Stacks of notes, books, and course materials in front of a blank computer screen may cause a moment of writer's block as you go to organize your paper, but there is no need to panic. Instead, organizing your paper will give you a sense of control and allow you to better integrate your ideas as you start to write.
Organizing your paper can be a daunting task if you begin too late, so organizing a paper should take place during the reading and note-taking process. As you read and take notes, make sure to group your data into self-contained categories. These categories will help you to build the structure of your paper.
Take, for example, a paper about children's education and the quantity of television children watch. Some categories may be the following:
The list above holds some clear themes that may emerge you as read through the literature. It is sometimes a challenge to know what information to group together into a category. Sources that share similar data, support one another, or bring about similar concerns may be a good place to start looking for such categories.
For example, let's say you had three sources that had the following information:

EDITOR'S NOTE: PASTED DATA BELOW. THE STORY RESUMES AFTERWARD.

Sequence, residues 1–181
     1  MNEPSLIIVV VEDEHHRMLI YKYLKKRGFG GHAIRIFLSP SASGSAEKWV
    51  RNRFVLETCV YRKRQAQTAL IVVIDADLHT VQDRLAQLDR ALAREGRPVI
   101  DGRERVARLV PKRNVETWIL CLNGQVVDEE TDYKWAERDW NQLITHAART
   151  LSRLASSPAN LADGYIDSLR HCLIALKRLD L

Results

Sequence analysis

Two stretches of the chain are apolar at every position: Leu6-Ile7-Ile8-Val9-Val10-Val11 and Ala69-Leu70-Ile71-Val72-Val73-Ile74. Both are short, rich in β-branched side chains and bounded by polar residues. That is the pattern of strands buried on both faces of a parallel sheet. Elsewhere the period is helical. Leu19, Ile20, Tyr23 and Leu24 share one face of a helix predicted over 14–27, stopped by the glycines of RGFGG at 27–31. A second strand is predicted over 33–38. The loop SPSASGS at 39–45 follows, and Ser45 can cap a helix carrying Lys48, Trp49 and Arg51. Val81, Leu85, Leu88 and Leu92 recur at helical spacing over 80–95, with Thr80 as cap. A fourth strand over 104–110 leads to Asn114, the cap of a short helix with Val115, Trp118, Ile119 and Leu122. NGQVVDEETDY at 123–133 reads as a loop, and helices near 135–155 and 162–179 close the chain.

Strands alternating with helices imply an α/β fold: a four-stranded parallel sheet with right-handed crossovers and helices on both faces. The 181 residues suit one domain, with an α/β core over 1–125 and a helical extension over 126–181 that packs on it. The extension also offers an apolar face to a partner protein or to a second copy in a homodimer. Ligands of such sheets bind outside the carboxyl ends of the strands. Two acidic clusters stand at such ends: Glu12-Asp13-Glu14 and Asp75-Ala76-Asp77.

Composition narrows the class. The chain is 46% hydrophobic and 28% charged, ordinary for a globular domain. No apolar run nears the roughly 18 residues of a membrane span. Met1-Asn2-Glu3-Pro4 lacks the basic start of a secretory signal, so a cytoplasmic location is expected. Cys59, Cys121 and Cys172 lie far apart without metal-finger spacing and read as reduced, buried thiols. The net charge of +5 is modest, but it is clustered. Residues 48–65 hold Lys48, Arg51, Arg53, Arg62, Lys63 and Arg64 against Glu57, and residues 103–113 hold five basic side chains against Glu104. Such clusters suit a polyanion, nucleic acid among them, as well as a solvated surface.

With these three ideas, you might group them under this category: Amount of television children watch.
Each of these source quotations or paraphrases supports that category. For each group of information, repeat this process to group similar categories together. Then you can move on to order the information you gather.
Once you have read your sources, taken notes, and grouped your information by category, the next step is to read critically, evaluate your sources, determine your thesis statement, and decide the best order in which to present your research. Note that as you begin to narrow your topic or focus, you will find some sources are not relevant. That is fine! Do not try to squeeze every source mentioning "children" and "television" into your paper.
Let's say you have come up with the following categories from the sources you have read:
You will want the order of your material to advance and prove your thesis. Every thesis needs to be capable of advancement. Let's assume that your thesis is Children who watch more than the recommended amount of television are less likely to receive a college education. In this case, it seems that you will want to start off by showing that there is a problem, and then giving examples of that problem and its consequences.
The best order for these categories would be the following:
The way a paper is organized is largely the result of the logical and causal relationships between the categories or topics apparent in the research. In other words, each category's placement is specifically chosen so that it is the result of the previous theme and able to contribute to the next, as the previous example shows. It is often a good practice to save your strongest argument or evidence until the end of the paper and build up to it. Using careful organization to advance your thesis will help guide your reader to your conclusion!
Note that this video was created while APA 6 was the style guide edition in use. There may be some examples of writing that have not been updated to APA 7 guidelines.